Central & Southern Italy's Top Wine Regions To Try Today
As we move south through Italy, away from the alpine influences found in the north, the climate becomes truly Mediterranean. Vines stretch out across rolling hills in regions such as Tuscany, Abruzzo, Puglia, Campania and Sicily where grapes are sun-drenched and ripened to perfection. Each of these regions lays claim to centuries of winemaking expertise – this know-how is evident the first time you sample their wines. But high quality doesn't need to come with a massive price tag - one of the hallmarks of central and southern Italy's wine regions are the stellar values you can find.
Now that's something every wine lover could get used to.
One of Italy's most recognisable wine regions, Tuscany is home to the Sangiovese grape and famed red wines Chianti, Brunello di Montalcino, and Vino Nobile di Montepulciano, some of the finest wines in the entire country. Its vineyards are scattered across the region's many hillsides and these slightly higher elevations help provide a balance between the hot, sunny days under the Mediterranean sun and cooler evenings. These cool evenings help grapes to hold onto their natural acidity and inherent flavours, ultimately make more harmonious wines.
As far as the quality here goes, Tuscany ranks in the top three for the most DOC/DOCG level wines produced. While it's known for Sangiovese red wines, there are terrific white wines made in Tuscany, as well as reds made from international grapes like Cabernet Sauvignon and Merlot.
Moving south, we skip over Lazio to arrive in Campania on the Italian west coast surrounding Naples. Here the striking outline of Mount Vesuvius looms on the horizon. As you can imagine, Campania is a volcanic region and its volcanic soils are one of the defining characteristics of the region's terroir. Like Tuscany, Campania sees blazing daytime heat mitigated by cool evenings. It boasts a plethora of styles and grape varieties, including some of Italy's best white wines, made from local grapes like Fiano, Greco, and Falanghina. The ancient tannic red Aglianico grape is considered by some to be one of southern Italy's greatest red wines. Regardless of colour, Campanian wines are the ideal partners for the world-renowned Napoletana cuisine.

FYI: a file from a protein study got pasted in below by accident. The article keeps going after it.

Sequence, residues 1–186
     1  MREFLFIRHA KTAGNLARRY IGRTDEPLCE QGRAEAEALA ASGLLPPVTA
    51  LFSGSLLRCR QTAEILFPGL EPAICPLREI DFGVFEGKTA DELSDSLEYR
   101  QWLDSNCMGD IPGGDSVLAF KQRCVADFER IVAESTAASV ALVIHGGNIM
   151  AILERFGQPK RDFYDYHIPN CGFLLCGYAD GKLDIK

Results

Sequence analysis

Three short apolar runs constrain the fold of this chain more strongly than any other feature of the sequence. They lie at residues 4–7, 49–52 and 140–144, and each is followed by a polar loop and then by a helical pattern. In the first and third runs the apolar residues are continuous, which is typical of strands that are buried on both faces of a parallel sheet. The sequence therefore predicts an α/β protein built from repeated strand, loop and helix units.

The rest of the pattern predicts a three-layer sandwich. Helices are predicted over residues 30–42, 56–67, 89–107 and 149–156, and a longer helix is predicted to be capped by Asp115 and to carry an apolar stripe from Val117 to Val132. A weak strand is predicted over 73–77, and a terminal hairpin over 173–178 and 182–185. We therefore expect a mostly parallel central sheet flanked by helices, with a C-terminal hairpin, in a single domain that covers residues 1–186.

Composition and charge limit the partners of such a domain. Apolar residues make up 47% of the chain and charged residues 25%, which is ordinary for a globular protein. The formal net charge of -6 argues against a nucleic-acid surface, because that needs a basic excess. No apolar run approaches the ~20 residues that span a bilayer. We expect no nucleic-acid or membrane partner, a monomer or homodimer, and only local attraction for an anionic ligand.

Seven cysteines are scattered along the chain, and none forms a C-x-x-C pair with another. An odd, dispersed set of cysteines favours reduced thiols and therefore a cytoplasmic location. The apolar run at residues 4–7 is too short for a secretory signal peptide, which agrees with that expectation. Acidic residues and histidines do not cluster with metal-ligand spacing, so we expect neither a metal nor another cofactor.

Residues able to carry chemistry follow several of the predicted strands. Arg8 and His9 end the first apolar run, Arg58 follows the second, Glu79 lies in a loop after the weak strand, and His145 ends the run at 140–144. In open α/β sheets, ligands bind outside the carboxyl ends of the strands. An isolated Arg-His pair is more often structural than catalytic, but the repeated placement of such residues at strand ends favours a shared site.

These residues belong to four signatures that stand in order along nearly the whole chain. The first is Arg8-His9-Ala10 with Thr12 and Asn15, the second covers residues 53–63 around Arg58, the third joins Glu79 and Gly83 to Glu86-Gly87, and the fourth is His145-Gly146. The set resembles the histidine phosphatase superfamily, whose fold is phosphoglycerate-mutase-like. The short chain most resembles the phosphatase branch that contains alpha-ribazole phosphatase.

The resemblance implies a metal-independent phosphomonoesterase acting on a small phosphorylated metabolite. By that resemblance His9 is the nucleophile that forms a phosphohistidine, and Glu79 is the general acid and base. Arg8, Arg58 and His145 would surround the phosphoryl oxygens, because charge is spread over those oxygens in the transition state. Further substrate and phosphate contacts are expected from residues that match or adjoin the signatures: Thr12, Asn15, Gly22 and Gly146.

Over to the east lies Abruzzo, a lesser known region worth getting to know. It's in a sweet spot – the Adriatic Sea cools vineyards inland while the Appenines mountain range, running north to south centrally through Italy, blocks incoming storms from the west. But the region still receives a decent bit of rain coming off the Adriatic Sea. This rain, along with the plentiful sunshine, gives Abruzzo everything it needs to make easy drinking, well-balanced, fruity wines. Montepulciano tops the list for most planted and produced red grape (not to be confused with the town of the same name in Tuscany), while Trebbiano is the major white.
Fans of generous, fruity reds should pay attention – you'll quickly fall in love with Puglia. The 'heel' of Italy is one of the biggest wine producers in the entire country. It's also the leader for fantastic wines available at unbeatable value. Because it's so hot and sunny down here, grapes encounter few problems with ripening. This means lusciously fruit-driven wines with bold flavour and sometimes high alcohol levels. Primitivo (aka Zinfandel) is a big red grape variety down here, as is the delectable Negroamaro.
The wines of Sicily are as unique and rich as its food and regional culture. Like Campania, Sicily's soils are largely volcanic and considerably contribute to terroir in the island's vineyards. The warm, dry climate and moderating breezes help keep diseases at bay, allowing winemakers to experiment with organic viticulture. Both reds and white wines are made here, with white grape varieties like Grillo and Catarrato surpassing red in terms of overall plantings. Sicily alone has nearly as much vineyard area as the whole of Australia. This is predominantly in the north-east of the island, yet fantastic quality can be found in the west - Mount Etna and Vittoria. Look out for the locale red grape, Nero d'Avola, for a lovely medium body wine or increasing ly Nerello Mascalese in Mount Etna red wines. In the past, Sicily's reputation was for so-so to low-quality wine but in recent decades, this has changed in a big way. Today, many critics and wine lovers alike laud Sicily as a region to watch for exciting new wines.
With the ideal climate for viticulture, central and southern Italy need to be on your wine radar. This is especially true if you love a good bargain but don't want to miss out on great flavour. It's the perfect intersection of quality and taste – what more could you ask for?